Ottawa, July 31, 2020—The Conference Board of Canada’s Chief Economist Pedro Antunes offers the following insights on the latest Gross Domestic Product (GDP) data:
“Economic activity bounced back in May as pandemic restrictions started to be eased but there’s a long road ahead before we fully recover. Construction and retail contributed most to the 4.5 per cent growth in May but real GDP remained at 85 per cent of February’s pre-shutdown levels.”
- Economic growth in May was stronger than Statistics Canada’s preliminary estimate of 3 per cent. The flash estimate for June has growth up another 5 per cent—suggesting that the second quarter of 2020 will be down by 12 per cent—right in line with our Summer National Forecast completed mid-June.
- Construction activity surged ahead in May as COVID related restrictions were eased, especially in Ontario and Quebec. Both residential and non-residential activity picked up strongly, contributing to a quarter of the overall gain in GDP.
- Retail trade also picked up sharply, posting a 16 per cent gain in May. The gains were strong across all segments, following steep declines in the prior two months. While May’s retail activity was 16.6 per cent below February’s level, Statistics Canada’s flash estimate suggests that retail sales could fully recover (back to February levels) in June. This is likely a reflection of frustrated consumers anxious to eat away at pent up demand.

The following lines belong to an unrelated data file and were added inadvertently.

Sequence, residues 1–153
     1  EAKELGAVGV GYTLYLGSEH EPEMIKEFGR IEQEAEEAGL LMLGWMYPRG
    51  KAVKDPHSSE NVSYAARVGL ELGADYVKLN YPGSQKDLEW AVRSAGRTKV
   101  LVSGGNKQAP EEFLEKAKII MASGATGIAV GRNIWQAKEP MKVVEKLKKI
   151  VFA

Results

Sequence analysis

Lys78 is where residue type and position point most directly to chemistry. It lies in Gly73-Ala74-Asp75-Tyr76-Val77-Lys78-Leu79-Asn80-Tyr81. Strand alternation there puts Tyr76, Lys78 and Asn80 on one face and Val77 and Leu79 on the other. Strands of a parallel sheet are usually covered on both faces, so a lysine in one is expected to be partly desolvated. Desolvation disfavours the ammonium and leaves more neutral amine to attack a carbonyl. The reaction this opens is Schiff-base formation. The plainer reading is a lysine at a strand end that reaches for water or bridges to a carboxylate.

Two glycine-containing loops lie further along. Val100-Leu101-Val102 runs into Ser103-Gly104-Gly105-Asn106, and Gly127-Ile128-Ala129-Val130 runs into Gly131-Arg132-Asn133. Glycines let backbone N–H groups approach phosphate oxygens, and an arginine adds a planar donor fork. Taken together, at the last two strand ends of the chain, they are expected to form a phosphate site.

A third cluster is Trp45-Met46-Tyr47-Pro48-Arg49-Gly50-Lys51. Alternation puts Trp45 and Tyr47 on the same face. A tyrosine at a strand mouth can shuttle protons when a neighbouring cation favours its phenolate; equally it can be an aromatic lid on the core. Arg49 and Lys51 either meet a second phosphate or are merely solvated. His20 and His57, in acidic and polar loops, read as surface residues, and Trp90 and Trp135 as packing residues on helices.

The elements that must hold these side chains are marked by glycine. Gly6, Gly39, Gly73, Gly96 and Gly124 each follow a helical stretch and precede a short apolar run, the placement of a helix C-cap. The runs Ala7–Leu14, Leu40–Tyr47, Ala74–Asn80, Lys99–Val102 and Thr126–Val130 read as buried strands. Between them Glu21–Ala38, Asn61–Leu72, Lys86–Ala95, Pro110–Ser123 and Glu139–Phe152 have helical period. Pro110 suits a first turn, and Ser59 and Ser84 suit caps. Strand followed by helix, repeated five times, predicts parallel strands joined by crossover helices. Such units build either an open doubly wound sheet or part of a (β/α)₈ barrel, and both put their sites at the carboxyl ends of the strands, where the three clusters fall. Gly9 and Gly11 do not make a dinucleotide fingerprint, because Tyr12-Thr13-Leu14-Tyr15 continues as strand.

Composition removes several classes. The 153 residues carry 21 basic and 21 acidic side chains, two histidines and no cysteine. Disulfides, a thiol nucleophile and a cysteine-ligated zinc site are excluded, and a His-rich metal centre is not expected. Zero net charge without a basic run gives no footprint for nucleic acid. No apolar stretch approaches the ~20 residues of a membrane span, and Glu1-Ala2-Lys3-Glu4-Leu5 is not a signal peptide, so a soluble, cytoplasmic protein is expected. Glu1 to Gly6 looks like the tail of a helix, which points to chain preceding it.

- On a more sour note, aerospace manufacturing continued to regress in May, falling by 5.1 per cent. Air transportation services picked up modestly, but activity remained essentially shut down with the sector operating at less than 4 per cent of pre-COVID activity. These and other sectors related to travel and tourism will struggle to get through a long, drawn out recovery. Activity is unlikely to return to normal until a vaccine or treatment for COVID-19 is discovered and available globally—a situation we assume won’t happen until late next year.
- Also affected by the dearth in tourism, accommodation services activity fell for the fourth month in a row in May. Food and beverage services posted a 35 per cent gain. Still, the accommodation sector is operating at roughly one-third of pre-COVID levels while food and beverage services are operating at less than half.
- Except for aerospace, real GDP in the manufacturing sector grew 7.4 per cent in May. The gains within manufacturing were driven by transportation equipment manufacturing (up 30.5 per cent) as most automotive plants gradually reopened during May.
- May’s real GDP data and other recent indicators suggest that Canada’s economy has emerged strongly from the pandemic shutdown. While the recovery will continue, we expect a bumpy ride in coming months. Operating with the ongoing risks associated with the novel coronavirus will be challenging for many businesses, and further localized shutdowns are likely. Exporters and manufacturers will also feel the effects of the recent surge in COVID-19 cases in the United States.